Qi Xi Festival, a Romantic Tribute

Chinese Valentine’s Day (Qi Xi Jie) occurs on the 7th day of the 7th lunar month. In 2007, Qi Xi Jie falls on August 19, 2007. As is the custom elsewhere in the world, this is a day devoted to romance. In China, this day is also known as "Qi Xi Jie" (literally meaning the Seventh Eve Festival) or "The Daughter's Festival."

There are many stories as to the origins of Chinese Valentine's Day, and one of them involves the 7th daughter of the Emperor Heaven, who is called Zhi Nu (Weaving Maid) and Niu Lang, an orphaned cowherd. The Emperor separated them. The 7th daughter was forced to move to the star Vega and the cowherd moved to the star Altair, separated by the Milky Way. They are allowed to meet only once a year on the day of 7th day of 7th lunar month.

This beautiful tale has its origins in the Han Dynasty (206 BC - AD 220). All Chinese people are told the story when they are children. The festival is also based on an annual astronomical phenomenon. Every year on the seventh day of the seventh lunar month, two particular stars are bright in the night sky and shine until the sun rises. One of the stars is thought to be the weaving girl and the other the cowherd.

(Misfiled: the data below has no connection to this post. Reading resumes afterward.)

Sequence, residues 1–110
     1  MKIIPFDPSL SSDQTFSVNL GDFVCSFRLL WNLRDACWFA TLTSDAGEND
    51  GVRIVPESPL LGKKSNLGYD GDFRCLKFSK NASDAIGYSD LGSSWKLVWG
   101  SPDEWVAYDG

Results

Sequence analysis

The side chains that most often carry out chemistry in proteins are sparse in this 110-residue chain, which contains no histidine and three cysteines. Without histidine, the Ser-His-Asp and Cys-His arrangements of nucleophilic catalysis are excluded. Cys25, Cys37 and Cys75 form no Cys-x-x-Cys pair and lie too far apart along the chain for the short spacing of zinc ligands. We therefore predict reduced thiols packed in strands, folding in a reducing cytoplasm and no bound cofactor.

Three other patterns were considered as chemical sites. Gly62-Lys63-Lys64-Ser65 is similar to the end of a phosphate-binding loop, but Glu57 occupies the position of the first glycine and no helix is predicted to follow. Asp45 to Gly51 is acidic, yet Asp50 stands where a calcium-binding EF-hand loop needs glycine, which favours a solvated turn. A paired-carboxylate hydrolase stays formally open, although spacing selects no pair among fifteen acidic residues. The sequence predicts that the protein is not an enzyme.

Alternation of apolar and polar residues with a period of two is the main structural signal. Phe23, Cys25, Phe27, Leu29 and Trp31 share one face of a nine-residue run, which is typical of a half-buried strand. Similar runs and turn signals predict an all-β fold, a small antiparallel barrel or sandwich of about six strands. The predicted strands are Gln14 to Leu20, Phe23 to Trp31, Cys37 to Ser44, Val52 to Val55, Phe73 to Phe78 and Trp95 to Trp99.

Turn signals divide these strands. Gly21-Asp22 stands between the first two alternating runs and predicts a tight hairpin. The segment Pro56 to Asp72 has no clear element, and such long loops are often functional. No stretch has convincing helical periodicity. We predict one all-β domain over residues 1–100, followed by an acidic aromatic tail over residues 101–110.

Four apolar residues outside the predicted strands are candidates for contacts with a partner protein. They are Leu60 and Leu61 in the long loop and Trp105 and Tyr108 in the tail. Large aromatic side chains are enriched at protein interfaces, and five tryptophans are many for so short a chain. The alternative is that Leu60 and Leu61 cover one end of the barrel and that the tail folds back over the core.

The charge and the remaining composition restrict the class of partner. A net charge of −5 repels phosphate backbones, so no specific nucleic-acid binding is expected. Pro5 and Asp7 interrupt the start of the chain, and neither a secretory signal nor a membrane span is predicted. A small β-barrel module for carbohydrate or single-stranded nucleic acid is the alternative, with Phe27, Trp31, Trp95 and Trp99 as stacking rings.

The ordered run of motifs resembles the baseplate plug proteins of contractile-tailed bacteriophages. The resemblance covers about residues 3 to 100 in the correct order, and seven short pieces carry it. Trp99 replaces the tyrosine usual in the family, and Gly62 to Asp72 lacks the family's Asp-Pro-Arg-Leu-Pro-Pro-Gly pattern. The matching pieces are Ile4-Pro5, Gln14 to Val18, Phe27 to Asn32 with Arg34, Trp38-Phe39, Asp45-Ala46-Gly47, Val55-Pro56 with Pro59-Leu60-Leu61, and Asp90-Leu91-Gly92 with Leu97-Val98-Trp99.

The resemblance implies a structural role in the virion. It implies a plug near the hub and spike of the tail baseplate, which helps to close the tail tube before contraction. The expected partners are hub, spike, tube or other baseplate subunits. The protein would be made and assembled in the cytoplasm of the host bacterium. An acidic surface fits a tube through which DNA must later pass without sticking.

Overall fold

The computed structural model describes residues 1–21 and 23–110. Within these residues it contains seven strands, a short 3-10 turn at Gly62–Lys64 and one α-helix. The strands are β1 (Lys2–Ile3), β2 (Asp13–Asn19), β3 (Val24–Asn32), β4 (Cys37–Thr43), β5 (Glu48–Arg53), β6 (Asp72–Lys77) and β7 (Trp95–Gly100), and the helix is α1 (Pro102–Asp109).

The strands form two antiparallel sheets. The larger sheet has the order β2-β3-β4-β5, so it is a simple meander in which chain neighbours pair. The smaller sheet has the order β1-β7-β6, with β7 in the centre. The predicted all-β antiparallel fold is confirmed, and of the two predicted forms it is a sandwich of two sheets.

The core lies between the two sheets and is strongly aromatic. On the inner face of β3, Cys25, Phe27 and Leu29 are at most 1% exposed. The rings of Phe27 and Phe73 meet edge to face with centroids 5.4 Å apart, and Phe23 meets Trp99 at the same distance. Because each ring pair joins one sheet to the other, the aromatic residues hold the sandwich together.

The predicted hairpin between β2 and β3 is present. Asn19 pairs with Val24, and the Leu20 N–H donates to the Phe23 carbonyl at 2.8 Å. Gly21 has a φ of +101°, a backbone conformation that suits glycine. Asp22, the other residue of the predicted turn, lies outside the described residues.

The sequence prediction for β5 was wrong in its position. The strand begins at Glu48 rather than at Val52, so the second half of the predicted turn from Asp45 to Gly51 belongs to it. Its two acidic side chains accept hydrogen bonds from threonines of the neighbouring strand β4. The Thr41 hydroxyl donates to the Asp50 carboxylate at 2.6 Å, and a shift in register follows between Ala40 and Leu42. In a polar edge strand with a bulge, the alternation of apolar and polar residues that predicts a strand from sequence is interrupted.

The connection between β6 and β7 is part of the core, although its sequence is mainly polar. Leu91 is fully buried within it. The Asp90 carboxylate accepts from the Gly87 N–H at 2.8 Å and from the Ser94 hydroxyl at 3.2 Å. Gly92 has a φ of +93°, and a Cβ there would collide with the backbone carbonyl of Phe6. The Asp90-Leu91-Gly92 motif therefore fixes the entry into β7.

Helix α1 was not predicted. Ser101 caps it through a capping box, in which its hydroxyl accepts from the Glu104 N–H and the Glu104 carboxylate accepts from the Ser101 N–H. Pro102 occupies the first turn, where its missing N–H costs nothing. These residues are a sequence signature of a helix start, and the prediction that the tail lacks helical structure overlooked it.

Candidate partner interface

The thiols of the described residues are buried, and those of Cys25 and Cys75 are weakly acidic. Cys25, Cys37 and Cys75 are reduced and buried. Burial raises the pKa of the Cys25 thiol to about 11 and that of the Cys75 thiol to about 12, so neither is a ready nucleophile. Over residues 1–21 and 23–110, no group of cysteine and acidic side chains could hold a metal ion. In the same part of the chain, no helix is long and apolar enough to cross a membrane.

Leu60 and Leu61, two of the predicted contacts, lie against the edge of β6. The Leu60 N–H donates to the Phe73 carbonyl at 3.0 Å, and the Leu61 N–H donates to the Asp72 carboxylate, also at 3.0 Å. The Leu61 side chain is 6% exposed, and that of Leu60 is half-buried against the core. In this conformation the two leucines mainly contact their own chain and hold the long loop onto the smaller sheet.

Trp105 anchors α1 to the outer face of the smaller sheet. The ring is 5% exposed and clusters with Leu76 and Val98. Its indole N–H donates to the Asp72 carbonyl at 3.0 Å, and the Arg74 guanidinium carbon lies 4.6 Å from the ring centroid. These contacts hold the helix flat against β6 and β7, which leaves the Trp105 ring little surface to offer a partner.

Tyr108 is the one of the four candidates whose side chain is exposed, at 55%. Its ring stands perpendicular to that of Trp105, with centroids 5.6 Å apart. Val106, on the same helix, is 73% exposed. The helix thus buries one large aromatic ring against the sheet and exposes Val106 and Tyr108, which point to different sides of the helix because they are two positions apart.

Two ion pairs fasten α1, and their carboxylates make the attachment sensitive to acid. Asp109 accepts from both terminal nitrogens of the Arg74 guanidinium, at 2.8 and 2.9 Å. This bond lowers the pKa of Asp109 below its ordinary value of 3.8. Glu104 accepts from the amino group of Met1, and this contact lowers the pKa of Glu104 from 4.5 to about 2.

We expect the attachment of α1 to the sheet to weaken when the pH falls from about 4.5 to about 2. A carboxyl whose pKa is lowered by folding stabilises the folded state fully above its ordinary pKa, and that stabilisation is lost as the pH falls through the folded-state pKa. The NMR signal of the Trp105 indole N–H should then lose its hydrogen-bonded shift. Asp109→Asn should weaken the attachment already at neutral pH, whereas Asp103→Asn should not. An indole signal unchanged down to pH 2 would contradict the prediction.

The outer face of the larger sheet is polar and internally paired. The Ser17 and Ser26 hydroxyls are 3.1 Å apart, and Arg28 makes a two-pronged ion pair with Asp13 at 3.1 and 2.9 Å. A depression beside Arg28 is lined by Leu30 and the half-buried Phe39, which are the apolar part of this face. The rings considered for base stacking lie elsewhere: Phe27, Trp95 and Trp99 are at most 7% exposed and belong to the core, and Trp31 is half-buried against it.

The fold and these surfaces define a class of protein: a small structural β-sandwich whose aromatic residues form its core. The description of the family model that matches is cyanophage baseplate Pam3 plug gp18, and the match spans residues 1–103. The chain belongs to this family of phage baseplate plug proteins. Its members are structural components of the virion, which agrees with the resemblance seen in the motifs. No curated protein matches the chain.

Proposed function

Unlike St. Valentine's Day in Western countries, there is not so much emphasis on giving chocolates, flowers and kisses. Instead, Chinese girls prepare fruits, melons and incenses offerings to Zhi Nu, the weaving maiden, praying to acquire high skills in needlecraft, as well as hoping to find satisfactory husbands.

Long ago, Chinese girls always wanted to train themselves having a good handcrafting skill like the Weaving Maid. The skill is essential for their future family. On that night, the unmarried girls may pray for the Weaving Maid star to let them become smarter. When the star Vega is high up in the sky, girls do a test, which is to put a needle on the water surface. If the needle doesn't sink, then girl is already smart enough and ready to find a husband. Girls may ask for any wish, but only one per year.

In the evening, people sit outdoors to observe the stars. Chinese grannies would say that, if you stand under a grapevine, you can probably overhear what Zhi Nu and Niu Lang are talking about. People in love like to go to the temple of Matchmaker and pray for their love and the possible marriage in China. People still single will do the same thing to ask their luck of love in the Matchmaker temple.

 

Source: http://www.jbxy.net/
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